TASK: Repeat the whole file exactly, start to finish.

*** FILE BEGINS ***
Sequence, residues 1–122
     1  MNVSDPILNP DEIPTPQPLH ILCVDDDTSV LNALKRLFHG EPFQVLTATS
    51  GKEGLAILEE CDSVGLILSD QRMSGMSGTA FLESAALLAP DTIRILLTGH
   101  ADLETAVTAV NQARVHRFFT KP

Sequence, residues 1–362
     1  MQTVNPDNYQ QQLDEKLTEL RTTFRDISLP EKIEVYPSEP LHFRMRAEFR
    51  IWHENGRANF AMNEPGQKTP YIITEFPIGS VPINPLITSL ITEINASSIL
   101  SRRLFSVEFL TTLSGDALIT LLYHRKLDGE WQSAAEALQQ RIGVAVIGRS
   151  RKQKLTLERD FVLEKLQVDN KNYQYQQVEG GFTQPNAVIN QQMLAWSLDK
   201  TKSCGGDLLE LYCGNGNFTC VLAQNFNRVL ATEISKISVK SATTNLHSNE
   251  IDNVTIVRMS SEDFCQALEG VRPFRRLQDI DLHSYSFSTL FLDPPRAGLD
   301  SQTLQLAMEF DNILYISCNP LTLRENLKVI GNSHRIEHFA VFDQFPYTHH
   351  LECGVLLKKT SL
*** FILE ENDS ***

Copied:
Sequence, residues 1–122
     1  MNVSDPILNP DEIPTPQPLH ILCVDDDTSV LNALKRLFHG EPFQVLTATS
    51  GKEGLAILEE CDSVGLILSD QRMSGMSGTA FLESAALLAP DTIRILLTGH
   101  ADLETAVTAV NQARVHRFFT KP

Sequence, residues 1–362
     1  MQTVNPDNYQ QQLDEKLTEL RTTFRDISLP EKIEVYPSEP LHFRMRAEFR
    51  IWHENGRANF AMNEPGQKTP YIITEFPIGS VPINPLITSL ITEINASSIL
   101  SRRLFSVEFL TTLSGDALIT LLYHRKLDGE WQSAAEALQQ RIGVAVIGRS
   151  RKQKLTLERD FVLEKLQVDN KNYQYQQVEG GFTQPNAVIN QQMLAWSLDK
   201  TKSCGGDLLE LYCGNGNFTC VLAQNFNRVL ATEISKISVK SATTNLHSNE
   251  IDNVTIVRMS SEDFCQALEG VRPFRRLQDI DLHSYSFSTL FLDPPRAGLD
   301  SQTLQLAMEF DNILYISCNP LTLRENLKVI GNSHRIEHFA VFDQFPYTHH
   351  LECGVLLKKT SL